Gentleman, cricketer and astute leader. I will fondly remember Ajit Wadekar for his ability to build relationships. He had a friendly nature and knew exactly how to get the best out of someone.
Not all captains in world cricket can claim to have that quality, but Ajit didn’t have to say it, because it was evident in the way he operated on the field. The wins in West Indies and England under his leadership are testament to this fact.
He was a great planner. Not everyone could read the game the way Ajit did. Ajit speaking to a player in a corner and giving him tips was the most common image in the dressing room. He was a great student of the game and knew the ins and outs of it. He would always have insights for his team-mates. I was the senior in the team but I still learnt so much under his captaincy.
I got acquainted with Ajit in Mumbai while we were playing college cricket. I was playing for Anjuman-I-Islam while he used to play for Ruia College. We had many match-ups together. Whenever our team came up against his there was always anxiety because we knew we were up against a formidable team led by a leader who was a cut above the rest.
Unfazed by conditions
His batting was one of sheer class. Since his young days he was notorious for never letting his wicket fall easily. Be it in seaming conditions, turning tracks or bouncy wickets, Ajit was never on the wrong foot. He always knew how to bat in different conditions. Others would watch him and learn. The adjustments he would make while batting on different wickets seemed to come naturally to him.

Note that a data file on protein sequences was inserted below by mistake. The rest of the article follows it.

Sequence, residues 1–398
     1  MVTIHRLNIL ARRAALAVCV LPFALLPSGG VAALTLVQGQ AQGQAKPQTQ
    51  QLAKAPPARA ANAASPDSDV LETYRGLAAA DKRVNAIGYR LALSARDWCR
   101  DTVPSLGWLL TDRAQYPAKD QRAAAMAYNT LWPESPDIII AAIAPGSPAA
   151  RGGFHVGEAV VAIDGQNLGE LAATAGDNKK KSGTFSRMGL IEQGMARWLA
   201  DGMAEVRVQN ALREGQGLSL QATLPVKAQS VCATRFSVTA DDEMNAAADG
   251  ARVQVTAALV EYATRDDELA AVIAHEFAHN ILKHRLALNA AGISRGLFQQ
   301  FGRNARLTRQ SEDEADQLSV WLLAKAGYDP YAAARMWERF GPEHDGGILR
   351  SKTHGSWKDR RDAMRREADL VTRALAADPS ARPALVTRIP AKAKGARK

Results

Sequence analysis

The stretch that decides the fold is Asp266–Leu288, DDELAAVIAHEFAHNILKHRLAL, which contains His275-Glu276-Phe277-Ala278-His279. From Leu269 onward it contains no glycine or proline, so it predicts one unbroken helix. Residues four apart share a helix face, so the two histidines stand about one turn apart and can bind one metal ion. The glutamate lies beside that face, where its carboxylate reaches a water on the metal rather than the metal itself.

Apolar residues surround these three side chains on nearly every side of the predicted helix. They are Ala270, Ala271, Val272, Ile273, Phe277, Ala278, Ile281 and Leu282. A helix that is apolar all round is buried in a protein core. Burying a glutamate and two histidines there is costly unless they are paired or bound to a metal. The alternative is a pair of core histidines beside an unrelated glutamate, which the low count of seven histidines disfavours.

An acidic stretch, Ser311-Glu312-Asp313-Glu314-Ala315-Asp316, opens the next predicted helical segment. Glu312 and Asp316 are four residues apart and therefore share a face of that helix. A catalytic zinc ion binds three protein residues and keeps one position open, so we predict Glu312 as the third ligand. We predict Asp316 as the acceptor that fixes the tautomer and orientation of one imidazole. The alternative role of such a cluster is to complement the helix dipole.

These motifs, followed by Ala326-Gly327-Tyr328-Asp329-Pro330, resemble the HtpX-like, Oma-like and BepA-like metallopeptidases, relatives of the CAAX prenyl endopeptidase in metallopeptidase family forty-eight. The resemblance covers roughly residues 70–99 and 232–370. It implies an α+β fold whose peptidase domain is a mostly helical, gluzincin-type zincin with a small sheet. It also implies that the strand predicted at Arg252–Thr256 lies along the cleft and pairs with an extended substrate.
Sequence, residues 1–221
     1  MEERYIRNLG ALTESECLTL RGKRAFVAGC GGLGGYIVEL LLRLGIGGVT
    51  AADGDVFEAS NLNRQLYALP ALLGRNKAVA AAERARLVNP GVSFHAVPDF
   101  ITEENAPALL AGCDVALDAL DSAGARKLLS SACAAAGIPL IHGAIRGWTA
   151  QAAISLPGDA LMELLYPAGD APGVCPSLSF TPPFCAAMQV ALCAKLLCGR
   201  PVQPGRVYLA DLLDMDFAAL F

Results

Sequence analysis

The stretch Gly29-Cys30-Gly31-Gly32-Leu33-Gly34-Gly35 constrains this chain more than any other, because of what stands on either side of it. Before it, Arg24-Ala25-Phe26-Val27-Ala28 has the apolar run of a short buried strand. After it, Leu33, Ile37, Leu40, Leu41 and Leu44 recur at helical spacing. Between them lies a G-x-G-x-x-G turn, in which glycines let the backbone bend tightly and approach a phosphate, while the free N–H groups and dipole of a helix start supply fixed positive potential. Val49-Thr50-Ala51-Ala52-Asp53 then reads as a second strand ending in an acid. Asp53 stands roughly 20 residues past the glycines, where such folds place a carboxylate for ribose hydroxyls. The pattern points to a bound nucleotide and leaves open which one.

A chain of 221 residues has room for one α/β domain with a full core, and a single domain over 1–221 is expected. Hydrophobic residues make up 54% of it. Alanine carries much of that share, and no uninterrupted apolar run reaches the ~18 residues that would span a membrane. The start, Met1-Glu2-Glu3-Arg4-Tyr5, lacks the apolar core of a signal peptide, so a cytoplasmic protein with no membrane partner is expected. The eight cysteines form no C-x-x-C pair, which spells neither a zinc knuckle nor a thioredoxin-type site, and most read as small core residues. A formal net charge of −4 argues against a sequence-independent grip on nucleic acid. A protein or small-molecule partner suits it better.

But it was his mental resolve that stood out the most. During our triumphant campaign in the West Indies, Ajit did not have the best of outings with the bat. He scored a couple of half-centuries, which were quite impressive in their own right, but by his high standards the scores were still low. The dip in form, though, did not faze him. He knew there was a larger goal. As a leader, he had to stay strong and keep the rest in good spirits.
As seniors, he would never shy away from taking advice from us. In fact, he would even consult the junior players if he felt they could give him an insight that would have slipped his mind. This process got everyone in the cause of the team. No longer were players only thinking about their individual performances. He inculcated team spirit through one simple act. There was no animosity between seniors and juniors. The Indian team then became a family and Ajit never behaved like a captain, he was the head of the family. His demise feels nothing less than the death of a family member. He will always remain in our heart. A great cricketer, astute leader, and a thorough gentleman.
As told to Kushal Phatarpekar
Salim Durani is a former India cricketer who played 29 Tests from 1960 to 1973.